Mitsubishi’s entry in the crowded compact crossover field, the Outlander enters its third generation with fresh aerodynamic styling and improved fuel efficiency. It remains one of the few vehicles in its class to offer seven-passenger seating.
USED 2014 Mitsubishi Outlander FOR SALE NEAR ME
2014 Mitsubishi Outlander Overview
What's New for 2014
This year’s slicker styling and engineering tweaks boost efficiency by 2 mpg across the board. The restyled interior carries a third-row seat as standard. New options include adaptive cruise control, collision mitigation and lane-departure warning.
Choosing Your Mitsubishi Outlander
The revamped Outlander can be easy to miss in this ultra-competitive class because its main virtues are inside: seven-passenger seating and a wealth of available technology.
The Outlander starts out with 2.4-liter four-cylinder that produces 166 horsepower. Buyers seeking swifter performance can opt for a 3-liter V6 rated at 224 horsepower. Both engines are matched to a continuously variable transmission (CVT). The available all-wheel drive system makes the Outlander an all-weather vehicle.
Your Outlander’s drivetrain configuration will depend on the trim level:
Any Outlander can get the Touring’s navigation system as a stand-alone option. Other single features include rear parking sensors, remote start and a rear-seat entertainment system.
The Outlander can get expensive as you work your way up the trim levels and add options—a thoughtfully optioned SE with front-wheel drive should strike the right balance for most families.
2014 Mitsubishi Outlander Review
Pricing and Equipment
Our top-of-the-line Mitsubishi Outlander GT (MSRP $27,795) came with an array of standard features like automatic HID headlights, automatic dual-zone climate control, heated front seats, hill start assist and a rearview camera
The only option on our Cool Silver Metallic test car was an expensive Touring Package ($6,100) that included:
- Lane Departure Warning and Forward Collision Mitigation
- Adaptive Cruise Control
- Leather upholstery
- Premium stereo system
- Power driver's seat
- Power liftgate
Including destination, our Outlander 3.0 GT S-AWC retailed for $34,720.
(Pricing for the entry-level Outlander ES, with a four-cylinder engine and front-wheel drive, begins at $22,995.)
- The V6 engine is an increasingly rare option in the compact class, and the Outlander's delivers a relaxed 224 horsepower without the buzziness of turbochargers. It isn't a fast car, but there's plenty of torque and the Outlander moves with authority in most situations.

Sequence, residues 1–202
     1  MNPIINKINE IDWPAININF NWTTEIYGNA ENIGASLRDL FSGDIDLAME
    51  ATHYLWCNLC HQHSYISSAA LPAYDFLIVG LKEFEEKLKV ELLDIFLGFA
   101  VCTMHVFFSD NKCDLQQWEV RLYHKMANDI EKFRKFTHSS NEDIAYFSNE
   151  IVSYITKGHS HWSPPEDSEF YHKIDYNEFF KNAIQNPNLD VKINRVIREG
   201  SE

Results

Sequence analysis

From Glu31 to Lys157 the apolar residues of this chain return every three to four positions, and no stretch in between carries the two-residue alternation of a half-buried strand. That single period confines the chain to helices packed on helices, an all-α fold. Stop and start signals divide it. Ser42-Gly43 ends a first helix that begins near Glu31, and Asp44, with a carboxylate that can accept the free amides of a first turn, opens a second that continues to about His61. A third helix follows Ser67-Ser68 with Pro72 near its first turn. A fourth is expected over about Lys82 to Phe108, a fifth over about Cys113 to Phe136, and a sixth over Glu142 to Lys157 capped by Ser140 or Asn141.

- Mitsubishi engineers dialed in soft settings for the suspension and steering— this priority on comfort has a pleasing Buick-like quality that will likely please its target audience.
- That soft tuning also makes the Outlander feel like a more substantial vehicle than it is—in a good way. It drives solidly, like a vehicle with larger exterior dimensions.
- Because of its soft suspension and steering settings, the Outlander resists quick turns and spirited driving styles.
- Don't expect to achieve the EPA city rating of 20 mpg if you aren't gentle with the gas pedal. We saw mileage in the mid-teens.
- Although not at the quality level of a Lexus, the leather upholstery and wood trim gave our test car an upscale feel.
- The third row is cramped, admittedly, and we didn't even try to get back there. But it's a third row that many competitors simply don't have. If you want the convenience of transporting your children and their friends in a single trip, those two extra seats may be a logistical godsend.
- With its extra length, and two rows of split folding seats, the Outlander has plenty of versatile cargo space.
- Outward visibility is excellent.
- The seats are flat and left some of us sore after only a few hours of driving.
- The navigation system seemed more like an aftermarket unit than original manufacturer equipment.
- One tester thought the reach for the low-mounted gearshift felt less premium than expected at this price point.
Most Pleasant Surprise
Least Pleasant Surprise
- Lane Departure Warning alerts the driver when the Outlander drifts out of its lane.
- Forward Collision Mitigation sounds the alarm when braking will avoid imminent impact with other vehicles or objects.
Unfortunately, the settings were far too sensitive for a city like Los Angeles with lots of traffic and roads in various stages of disrepair or construction. The 405 freeway and Sunset Boulevard sent both systems—erroneously—into a state of near-constant alarm.
The Bottom Line
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